Want to live longer? Move more.
ExercisesInjury Care & Prevention Sep 30, 2019
Want to live longer? Move more.

We know that physical activity is good for us. It reduces the risk of diabetes, stroke and cardiovascular disease (all on the top-ten list of leading causes of death in the United States), lowers blood pressure, improves sleep quality and duration and boosts your mood. But did you know it can also help you live longer?

According to a study published this summer in The BMJ, recent research suggests that anyone can substantially increase their longevity just by becoming slightly more physically active. Even better? These benefits carry through regardless of your past physical activity levels or other risk factors such as diet, BMI or medical history. 

The almost twenty-year study, which included more than 14,000 middle-aged and older adults, showed that a modest increase in exercise—think taking a brisk walk or mowing the lawn with a push-mower—reduced the risk of death by 24%. And, those who increased their exercise even more, jogging or playing a casual sport a few times per week, lowered their risk of death by as much as 42%, even among those who hadn’t been physically active at the beginning of the study.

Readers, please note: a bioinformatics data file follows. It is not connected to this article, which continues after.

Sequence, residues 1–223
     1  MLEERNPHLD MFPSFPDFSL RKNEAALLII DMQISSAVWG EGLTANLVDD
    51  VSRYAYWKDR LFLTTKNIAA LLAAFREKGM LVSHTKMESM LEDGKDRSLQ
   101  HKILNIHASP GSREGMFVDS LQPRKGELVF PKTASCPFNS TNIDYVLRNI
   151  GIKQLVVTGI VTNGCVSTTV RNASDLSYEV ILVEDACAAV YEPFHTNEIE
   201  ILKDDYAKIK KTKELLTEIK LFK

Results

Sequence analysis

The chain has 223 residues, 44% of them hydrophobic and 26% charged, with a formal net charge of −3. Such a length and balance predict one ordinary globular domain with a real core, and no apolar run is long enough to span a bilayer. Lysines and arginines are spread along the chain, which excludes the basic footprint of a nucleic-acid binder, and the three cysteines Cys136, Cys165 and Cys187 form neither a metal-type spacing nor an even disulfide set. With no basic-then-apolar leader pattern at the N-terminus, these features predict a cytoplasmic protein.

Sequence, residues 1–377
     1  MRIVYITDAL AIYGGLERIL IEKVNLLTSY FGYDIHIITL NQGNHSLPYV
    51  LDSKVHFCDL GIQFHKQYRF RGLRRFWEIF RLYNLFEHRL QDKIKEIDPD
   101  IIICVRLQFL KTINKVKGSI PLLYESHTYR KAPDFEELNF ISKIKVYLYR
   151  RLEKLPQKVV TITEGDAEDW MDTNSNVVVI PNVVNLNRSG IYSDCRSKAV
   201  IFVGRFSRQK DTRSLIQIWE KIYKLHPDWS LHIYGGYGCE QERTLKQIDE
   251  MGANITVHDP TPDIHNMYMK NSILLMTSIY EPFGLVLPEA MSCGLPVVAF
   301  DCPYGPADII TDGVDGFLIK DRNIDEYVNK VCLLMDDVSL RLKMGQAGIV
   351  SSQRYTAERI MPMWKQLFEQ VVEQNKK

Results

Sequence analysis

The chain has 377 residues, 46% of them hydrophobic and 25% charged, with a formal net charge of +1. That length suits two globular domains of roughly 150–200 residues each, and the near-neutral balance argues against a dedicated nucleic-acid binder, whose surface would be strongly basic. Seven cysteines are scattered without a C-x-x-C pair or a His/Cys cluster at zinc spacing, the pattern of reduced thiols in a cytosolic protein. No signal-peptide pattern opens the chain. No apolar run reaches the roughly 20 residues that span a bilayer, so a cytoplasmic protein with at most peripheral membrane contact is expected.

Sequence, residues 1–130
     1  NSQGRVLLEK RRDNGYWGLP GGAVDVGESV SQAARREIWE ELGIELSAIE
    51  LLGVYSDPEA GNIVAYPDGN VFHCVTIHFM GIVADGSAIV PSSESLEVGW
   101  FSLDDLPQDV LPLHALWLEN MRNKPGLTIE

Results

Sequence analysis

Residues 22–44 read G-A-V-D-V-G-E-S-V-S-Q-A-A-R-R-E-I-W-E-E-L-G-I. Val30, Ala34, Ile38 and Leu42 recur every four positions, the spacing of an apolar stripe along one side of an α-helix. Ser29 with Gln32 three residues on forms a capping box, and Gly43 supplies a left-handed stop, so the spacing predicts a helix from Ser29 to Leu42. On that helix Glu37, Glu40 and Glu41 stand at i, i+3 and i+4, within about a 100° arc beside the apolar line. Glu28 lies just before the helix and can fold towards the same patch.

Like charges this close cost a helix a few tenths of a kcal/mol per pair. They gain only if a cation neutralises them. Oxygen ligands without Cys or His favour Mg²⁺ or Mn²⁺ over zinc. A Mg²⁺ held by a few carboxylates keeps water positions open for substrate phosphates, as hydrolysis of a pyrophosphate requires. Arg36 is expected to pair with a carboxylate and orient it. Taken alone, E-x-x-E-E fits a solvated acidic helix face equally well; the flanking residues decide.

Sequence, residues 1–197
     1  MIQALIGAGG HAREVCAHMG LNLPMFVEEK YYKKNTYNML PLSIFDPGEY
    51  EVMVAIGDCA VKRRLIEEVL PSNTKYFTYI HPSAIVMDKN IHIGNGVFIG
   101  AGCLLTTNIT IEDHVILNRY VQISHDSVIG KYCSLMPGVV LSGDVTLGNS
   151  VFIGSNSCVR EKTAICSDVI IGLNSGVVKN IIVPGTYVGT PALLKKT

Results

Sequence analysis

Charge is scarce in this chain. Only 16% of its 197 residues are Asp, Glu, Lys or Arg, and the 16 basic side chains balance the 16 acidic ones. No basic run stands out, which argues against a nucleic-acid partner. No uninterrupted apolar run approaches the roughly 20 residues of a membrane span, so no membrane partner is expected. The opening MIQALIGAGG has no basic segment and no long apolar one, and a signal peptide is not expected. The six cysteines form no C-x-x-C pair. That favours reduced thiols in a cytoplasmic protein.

The study used the World Health Organization’s (WHO) physical activity guidelines for adults as the standard measure of participants’ physical activity. The guidelines state that adults should do at least 150 minutes of physical activity each week, which could look something like walking the dog for 30 minutes each day or spending a morning tending to a garden. For additional health benefits, the WHO recommends reaching 300 minutes of activity per week, or an equivalent combination of moderate and more intense activity. 

These guidelines are a great rule-of-thumb when it comes to building more physical activity into your routine. As the research shows, it’s never too late to realize the substantial benefits from even modest physical activity. But to move more—and more often—your body needs to feel good. Orthology can help you there.

Working with a physical therapist or chiropractor can help you achieve your physical activity goals pain-free, so you can get back to enjoying a longer life filled with the activities you love.